If the price of oil drops then why doesn't the price of food drop as well.?

I get why the price of food goes up when the price of oil does. But I was wondering why the price of food stays up? If the price of oil drops, the price of food doesn’t.

11 Responses to “If the price of oil drops then why doesn't the price of food drop as well.?”

  1. Zoe Watt Says:

    If people were willing to buy a product for a new high price, that becomes the new norm.

    Only when people stop buying a product does the price go down.

  2. Antwoin Dodson Says:

    Because they are making profit, why change that?

    Pretty soon half of America will be on food stamps if prices keep rising.

  3. Foghorn Says:

    Food, and oil for that matter, are rising because of the continued debasement of the dollar.

  4. Matthew D Says:

    more details needed. food stores are actually quite low right now. and unlike oil; food is more stable in terms of consumption.

  5. El Tecolote Says:

    It does. If it doesn’t where you live, then MOVE. They’re screwing you over.

  6. Obama Jobs Killaâ„¢ Says:

    When money is being printed like it’s a Parker Brothers brand board game, don’t expect the price of anything to go down

  7. Tom Says:

    You might be expecting price lowering to occur too quickly. Oil; and food: are two very different commodities. Weather can drive food prices higher, as can growers refusing to grow low income crops. Oil prices are simply a part of the rise in the cost of food products; but it’s not the total cause for increases.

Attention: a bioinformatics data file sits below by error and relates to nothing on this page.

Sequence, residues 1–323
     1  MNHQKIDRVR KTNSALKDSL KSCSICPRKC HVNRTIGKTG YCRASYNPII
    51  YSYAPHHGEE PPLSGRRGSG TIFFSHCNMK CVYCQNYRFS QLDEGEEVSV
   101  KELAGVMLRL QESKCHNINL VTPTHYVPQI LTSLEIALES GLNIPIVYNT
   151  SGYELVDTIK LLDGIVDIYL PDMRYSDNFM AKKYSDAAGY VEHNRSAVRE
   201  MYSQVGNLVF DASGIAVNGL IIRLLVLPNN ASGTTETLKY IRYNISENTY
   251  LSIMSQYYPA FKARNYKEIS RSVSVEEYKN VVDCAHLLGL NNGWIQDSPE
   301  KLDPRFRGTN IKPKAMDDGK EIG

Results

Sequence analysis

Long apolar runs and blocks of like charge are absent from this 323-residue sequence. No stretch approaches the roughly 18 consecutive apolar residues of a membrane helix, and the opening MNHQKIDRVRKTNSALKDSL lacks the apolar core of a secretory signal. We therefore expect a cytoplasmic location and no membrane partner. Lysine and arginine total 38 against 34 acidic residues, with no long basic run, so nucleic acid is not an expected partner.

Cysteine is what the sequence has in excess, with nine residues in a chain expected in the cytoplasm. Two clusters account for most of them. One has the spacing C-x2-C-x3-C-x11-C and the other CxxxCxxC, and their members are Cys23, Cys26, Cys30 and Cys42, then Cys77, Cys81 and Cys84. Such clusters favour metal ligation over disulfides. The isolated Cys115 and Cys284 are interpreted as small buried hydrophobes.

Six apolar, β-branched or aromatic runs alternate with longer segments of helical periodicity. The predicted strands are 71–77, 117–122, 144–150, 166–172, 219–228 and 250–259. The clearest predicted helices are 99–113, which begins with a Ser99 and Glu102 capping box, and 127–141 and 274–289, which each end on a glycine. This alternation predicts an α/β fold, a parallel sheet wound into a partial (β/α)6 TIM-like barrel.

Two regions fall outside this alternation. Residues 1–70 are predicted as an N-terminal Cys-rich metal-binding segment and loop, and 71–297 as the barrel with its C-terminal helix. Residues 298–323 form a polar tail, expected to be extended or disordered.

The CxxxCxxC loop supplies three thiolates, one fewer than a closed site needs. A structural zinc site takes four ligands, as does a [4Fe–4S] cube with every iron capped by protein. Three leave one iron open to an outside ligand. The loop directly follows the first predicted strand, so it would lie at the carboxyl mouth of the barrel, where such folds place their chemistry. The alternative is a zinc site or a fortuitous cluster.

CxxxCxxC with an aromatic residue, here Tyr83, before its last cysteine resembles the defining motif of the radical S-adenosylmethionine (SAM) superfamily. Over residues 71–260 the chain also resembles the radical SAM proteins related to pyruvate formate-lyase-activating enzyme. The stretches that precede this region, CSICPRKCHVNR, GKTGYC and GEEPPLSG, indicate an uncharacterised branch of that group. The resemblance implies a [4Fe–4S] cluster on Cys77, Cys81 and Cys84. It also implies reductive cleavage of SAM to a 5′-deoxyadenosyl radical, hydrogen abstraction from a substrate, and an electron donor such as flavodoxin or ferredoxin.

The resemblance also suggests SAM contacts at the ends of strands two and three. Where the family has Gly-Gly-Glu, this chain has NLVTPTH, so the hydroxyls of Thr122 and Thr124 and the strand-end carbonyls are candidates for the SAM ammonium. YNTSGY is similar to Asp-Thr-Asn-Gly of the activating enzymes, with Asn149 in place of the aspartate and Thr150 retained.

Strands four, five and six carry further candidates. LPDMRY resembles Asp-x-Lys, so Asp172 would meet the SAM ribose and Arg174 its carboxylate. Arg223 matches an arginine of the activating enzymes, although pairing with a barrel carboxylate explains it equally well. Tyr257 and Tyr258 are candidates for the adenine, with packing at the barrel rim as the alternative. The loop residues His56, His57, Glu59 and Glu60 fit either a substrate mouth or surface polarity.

8. Elian Gonzalez Says:

    axx owe bama….

  9. Bull in the China Shop Says:

    Food will drop eventually. It just takes longer for the drop to occur. At this point food prices increase almost as rapidly as oil because of high-speed trading in agricultural futures. But the trading algorithm software used by modern finance companies tends to register declines in commodity values more slowly than human traders do.

  10. Peace Sustainability Says:

    It will if people stop buying it. This would have to be accomplished seasonally by growing gardens, shopping at farmers markets, and small shops, not the chain stores. Otherwise, once they raise prices, if people accept those prices it’s greater profit for the corporation, so it’s good for their bottom line. If chains start to lose customers, and lose profit due to a fall-off in business, they’ll roll back prices to attract the business back.

  11. virgod Says:

    Siam, I feel your pain, but explanation is simple: you see the people who process, package, transfer and sell food – already got a little addition to their paycheck for oil-food increase, but you can’t take it back from them, when oil price drops – yes? In fact, no one should worry about that lack of balance: if Americans won’t demand of the government to immediately use our own resources and stop an economic catastrophe – first oil and then food’s prices will skyrocket continually… Sorry to say…